In this paper we introduce and study all-pay bidding games, a class of two player, zero-sum games on graphs. The game proceeds as follows. We place a token on some vertex in the graph and assign budgets to the two players. Each turn, each player submits a sealed legal bid (non-negative and below their remaining budget), which is deducted from their budget and the highest bidder moves the token onto an adjacent vertex. The game ends once a sink is reached, and Player 1 pays Player 2 the outcome that is associated with the sink. The players attempt to maximize their expected outcome. Our games model settings where effort (of no inherent value) needs to be invested in an ongoing and stateful manner. On the negative side, we show that even in simple games on DAGs, optimal strategies may require a distribution over bids with infinite support. A central quantity in bidding games is the ratio of the players budgets. On the positive side, we show a simple FPTAS for DAGs, that, for each budget ratio, outputs an approximation for the optimal strategy for that ratio. We also implement it, show that it performs well, and suggests interesting properties of these games. Then, given an outcome c, we show an algorithm for finding the necessary and sufficient initial ratio for guaranteeing outcome c with probability 1 and a strategy ensuring such. Finally, while the general case has not previously been studied, solving the specific game in which Player 1 wins iff he wins the first two auctions, has been long stated as an open question, which we solve.

We consider the facility location problem in the one-dimensional setting where each facility can serve a limited number of agents from the algorithmic and mechanism design perspectives. From the algorithmic perspective, we prove that the corresponding optimization problem, where the goal is to locate facilities to minimize either the total cost to all agents or the maximum cost of any agent is NP-hard. However, we show that the problem is fixed-parameter tractable, and the optimal solution can be computed in polynomial time whenever the number of facilities is bounded, or when all facilities have identical capacities. We then consider the problem from a mechanism design perspective where the agents are strategic and need not reveal their true locations. We show that several natural mechanisms studied in the uncapacitated setting either lose strategyproofness or a bound on the solution quality %on the returned solution for the total or maximum cost objective. We then propose new mechanisms that are strategyproof and achieve approximation guarantees that almost match the lower bounds.

We study the problem of fair division when the resources contain both divisible and indivisible goods. Classic fairness notions such as envy-freeness (EF) and envy-freeness up to one good (EF1) cannot be directly applied to the mixed goods setting. In this work, we propose a new fairness notion envy-freeness for mixed goods (EFM), which is a direct generalization of both EF and EF1 to the mixed goods setting. We prove that an EFM allocation always exists for any number of agents. We also propose efficient algorithms to compute an EFM allocation for two agents and for n agents with piecewise linear valuations over the divisible goods. Finally, we relax the envy-free requirement, instead asking for ϵ-envy-freeness for mixed goods (ϵ-EFM), and present an algorithm that finds an ϵ-EFM allocation in time polynomial in the number of agents, the number of indivisible goods, and 1/ϵ.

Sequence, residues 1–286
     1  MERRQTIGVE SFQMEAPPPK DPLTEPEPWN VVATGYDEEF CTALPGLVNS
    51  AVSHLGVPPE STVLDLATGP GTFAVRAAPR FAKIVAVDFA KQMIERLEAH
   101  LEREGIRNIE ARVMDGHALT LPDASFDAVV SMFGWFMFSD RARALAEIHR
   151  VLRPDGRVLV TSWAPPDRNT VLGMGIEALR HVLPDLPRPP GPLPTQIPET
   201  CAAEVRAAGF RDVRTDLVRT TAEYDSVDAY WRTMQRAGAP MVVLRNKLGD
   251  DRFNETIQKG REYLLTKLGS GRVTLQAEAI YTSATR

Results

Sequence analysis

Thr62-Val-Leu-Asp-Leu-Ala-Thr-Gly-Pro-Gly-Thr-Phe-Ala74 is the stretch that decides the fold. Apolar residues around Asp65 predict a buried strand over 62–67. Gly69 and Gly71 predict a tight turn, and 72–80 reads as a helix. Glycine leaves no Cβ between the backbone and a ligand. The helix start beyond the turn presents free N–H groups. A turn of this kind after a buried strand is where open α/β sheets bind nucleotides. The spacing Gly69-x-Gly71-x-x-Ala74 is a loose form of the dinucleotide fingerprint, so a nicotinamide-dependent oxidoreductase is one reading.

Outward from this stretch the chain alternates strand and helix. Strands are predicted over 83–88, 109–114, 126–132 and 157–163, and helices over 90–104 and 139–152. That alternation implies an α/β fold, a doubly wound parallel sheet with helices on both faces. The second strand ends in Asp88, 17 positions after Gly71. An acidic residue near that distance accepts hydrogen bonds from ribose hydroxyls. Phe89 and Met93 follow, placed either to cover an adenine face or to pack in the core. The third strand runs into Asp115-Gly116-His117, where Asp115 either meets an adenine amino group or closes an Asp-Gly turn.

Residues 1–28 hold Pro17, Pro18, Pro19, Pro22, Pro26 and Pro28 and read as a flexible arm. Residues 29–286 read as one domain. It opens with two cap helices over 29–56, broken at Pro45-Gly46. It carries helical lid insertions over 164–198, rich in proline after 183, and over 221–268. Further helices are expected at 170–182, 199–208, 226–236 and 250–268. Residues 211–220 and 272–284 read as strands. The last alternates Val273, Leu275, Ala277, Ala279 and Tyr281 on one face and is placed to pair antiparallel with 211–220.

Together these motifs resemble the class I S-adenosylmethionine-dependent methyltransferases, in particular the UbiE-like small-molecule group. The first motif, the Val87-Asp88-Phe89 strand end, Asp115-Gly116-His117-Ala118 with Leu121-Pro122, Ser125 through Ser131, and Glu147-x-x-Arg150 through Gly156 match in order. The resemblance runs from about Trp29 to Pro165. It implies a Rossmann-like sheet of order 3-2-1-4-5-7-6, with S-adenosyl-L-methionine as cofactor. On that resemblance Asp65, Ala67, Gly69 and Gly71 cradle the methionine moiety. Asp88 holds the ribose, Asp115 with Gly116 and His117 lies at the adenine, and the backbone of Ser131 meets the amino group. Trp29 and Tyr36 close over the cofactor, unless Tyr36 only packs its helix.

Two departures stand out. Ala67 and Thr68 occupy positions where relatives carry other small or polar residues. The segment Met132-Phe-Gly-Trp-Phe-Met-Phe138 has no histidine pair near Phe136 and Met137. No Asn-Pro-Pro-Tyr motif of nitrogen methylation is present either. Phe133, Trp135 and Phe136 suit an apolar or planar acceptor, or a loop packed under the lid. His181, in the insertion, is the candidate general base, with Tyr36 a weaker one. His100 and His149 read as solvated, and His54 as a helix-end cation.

In hedonic diversity games (HDGs), recently introduced by Bredereck, Elkind, and Igarashi (2019), each agent belongs to one of two classes (men and women, vegetarians and meat-eaters, junior and senior researchers), and agents' preferences over coalitions are determined by the fraction of agents from their class in each coalition. Bredereck et al. show that while an HDG may fail to have a Nash stable (NS) or a core stable (CS) outcome, every HDG in which all agents have single-peaked preferences admits an individually stable (IS) outcome, which can be computed in polynomial time. In this work, we extend and strengthen these results in several ways. First, we establish that the problem of deciding if an HDG has an NS outcome is NP-complete, but admits an XP algorithm with respect to the size of the smaller class. Second, we show that, in fact, all HDGs admit IS outcomes that can be computed in polynomial time; our algorithm for finding such outcomes is considerably simpler than that of Bredereck et al. We also consider two ways of generalizing the model of Bredereck et al. to k ≥ 2 classes. We complement our theoretical results by empirical analysis, comparing the IS outcomes found by our algorithm, the algorithm of Bredereck et al. and a natural better-response dynamics.

Adaptivity to changing environments and constraints is key to success in modern society. We address this by proposing “incrementalized versions” of Stable Marriage and Stable Roommates. That is, we try to answer the following question: for both problems, what is the computational cost of adapting an existing stable matching after some of the preferences of the agents have changed. While doing so, we also model the constraint that the new stable matching shall be not too different from the old one. After formalizing these incremental versions, we provide a fairly comprehensive picture of the computational complexity landscape of Incremental Stable Marriage and Incremental Stable Roommates. To this end, we exploit the parameters “degree of change” both in the input (difference between old and new preference profile) and in the output (difference between old and new stable matching). We obtain both hardness and tractability results, in particular showing a fixed-parameter tractability result with respect to the parameter “distance between old and new stable matching”.